SA Super Rugby Team of the Week – Round 7

SA Super Rugby Team of the Week - Round 7
By Quintin van Jaarsveld

16 March 2020, by: Quintin van Jaarsveld

SA Super Rugby Team of the Week – Round 7

Players who featured in Saturday’s highly-anticipated coastal clash between the Sharks and Stormers at Kings Park make up two-thirds of our South African Super Rugby Team of the Week, writes Quintin van Jaarsveld.

The Sharks consolidated their position at the top of the overall log with their hard-fought 24-14 win over the visitors and also netted seven places in our side, while the Stormers returned to Cape Town with three representatives in our team.

A week after picking up their first win of the season, the Bulls were brought back to earth with a crushing 41-17 defeat to the Reds on the first stop of their Australasian tour in Brisbane, despite leading 17-0 early on. Regardless of the implosion, individual players put their hands up and a handful of Bulls earned spots in our team.

As a result, not a single Lions player made the cut after they were blown away 43-10 by the Blues in Auckland – the embattled Johannesburg team’s third tour trampling on the trot.

ALSO READ: SA SUPER RUGBY TEAM – ROUND 5Like last week, both Fassi and Warrick Gelant were outstanding. The Bulls fullback’s passing game looked as good as it’s ever been, which along with his vision had a big hand in Rosko Specman’s try and earned him one as well. In 17 runs, he accumulated 91 metres while beating a defender and making two line breaks.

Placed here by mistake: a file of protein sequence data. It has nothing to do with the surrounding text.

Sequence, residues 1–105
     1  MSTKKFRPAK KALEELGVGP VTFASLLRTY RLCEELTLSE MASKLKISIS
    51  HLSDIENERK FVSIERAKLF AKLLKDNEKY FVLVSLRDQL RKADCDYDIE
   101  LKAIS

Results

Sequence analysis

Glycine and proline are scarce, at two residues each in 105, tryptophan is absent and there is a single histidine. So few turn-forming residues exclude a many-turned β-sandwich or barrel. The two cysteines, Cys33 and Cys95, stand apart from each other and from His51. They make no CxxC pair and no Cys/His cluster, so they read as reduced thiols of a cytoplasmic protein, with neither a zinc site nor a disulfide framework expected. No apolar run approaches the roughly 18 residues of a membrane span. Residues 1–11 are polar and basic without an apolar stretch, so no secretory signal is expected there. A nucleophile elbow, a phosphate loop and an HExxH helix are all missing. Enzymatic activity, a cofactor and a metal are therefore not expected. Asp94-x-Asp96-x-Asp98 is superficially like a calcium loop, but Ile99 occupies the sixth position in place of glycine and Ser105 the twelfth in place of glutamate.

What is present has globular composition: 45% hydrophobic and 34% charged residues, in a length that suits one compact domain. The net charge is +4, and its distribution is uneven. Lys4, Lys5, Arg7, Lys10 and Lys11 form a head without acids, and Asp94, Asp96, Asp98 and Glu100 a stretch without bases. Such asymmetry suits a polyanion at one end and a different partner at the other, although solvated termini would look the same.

Fassi’s game-breaking qualities came to the fore yet again in the coastal clash, with the red-hot rising star slicing straight through the Stormers’ defence to draw first blood after 25 minutes. He got bloodied up but rolled with the proverbial punches, running great lines throughout to rack up a South African round-high 100 metres in 17 runs.Divan Rossouw made metres every time he touched the ball, Jamba Ulengo had a good, hard-working outing that included a few valuable runs and a turnover just outside the Lions’ 22, while Dillyn Leyds never really got going. Nkosi’s work rate was impeccable for the second week in a row. He chased hard and contested well in the air, but his biggest contribution came with 13 minutes left on the clock when he won a penalty on the deck (one of two), which Curwin Bosch slotted to regain the lead for the hosts. Well-marked on attack, he made 20 metres in four runs while beating a defender.The Sharks captain was once again a defensive dynamo. His mastering of the art, in the most difficult position of all, was a key factor even if it possibly flew under the radar of the casual fan. He made his presence felt right away, securing a textbook turnover in the fourth minute, and crucially defused a dangerous situation when he pounced on the ball at ruck time just before half-time to turn over possession. He offered some good touches on attack as well.A strong candidate for Player of the Week honours, Esterhuizen was a dominant force. The Springbok brute is a different type of athlete, stronger and more explosive than many loose forwards with the speed, smarts and skills of a back, all of which were on display in the Durban derby. Jean-Luc du Plessis will not soon forget being mauled by the midfield monster, which saw him limp off in agony in the 19th minute. There were no openings in the centre channels, which restricted Esterhuizen to 19 metres in 11 runs, but he still managed to break four tackles to give the Sharks go-forward. He executed two good grubbers too boot, one of which should’ve resulted in a try but was botched by the usually bankable Makazole Mapimpi (he’s human after all).The Blitzbok flyer picked up where he left off last week, producing another electrifying effort. Over the last fortnight, there’s been a clear (and overdue) shift in the Bulls’ offence to create space for the speedster to wield some Specmagic and he’s making the most of every opportunity. There’s no substitute for speed – and dancing feet – which he showed so thrillingly with his lethal acceleration, step inside and pass to put Gelant away, after having visited the tryline himself. He clocked up 83 metres in eight runs, which included three line breaks and beating three defenders. He also snatched an intercept to save a potential try in the first quarter.Cometh the hour, cometh Curwin Bosch. The mental strength he showed to block out having missed two earlier kicks at goal and step up to take a long-range shot with the game on a knife-edge was as impressive as the monster kick itself that sailed over to give the Sharks the lead in the 68th minute. Those nerves of steel allowed him to convert another clutch penalty seven minutes later to stretch the lead to five. His game management was top-class, highlighted by the drop-goal that nudged the Sharks in front at the break, and it was his delayed pass that put Fassi in for his try.Papier produced the quality of a performance that saw him break out and become a Springbok in 2018. There’s a chemistry between him and like-minded Manie Libbok that saw both offence-orientated playmakers play well. He scored a good scrumhalf try with a sniping break from close quarters and danced past a couple of defenders in the 16th minute (four in all). His service was good, his box-kicking satisfactory and his drop-goal attempt from 45m out wasn’t bad either. He was alert and effective on defence as well, snuffing out a lineout move in the 31st minute.Sikhumbuzo Notshe has been the talk of the town this season and rightly so. The forgotten Springbok’s resurgence at the Sharks has been nothing short of sensational and much of the pre-match focus was on the No.8 coming up against his former franchise for the first time. The Sharks lacked the flow that has made them so dangerous this season and, thus, Notshe didn’t have the freedom and opportunity to make a major impact on the day.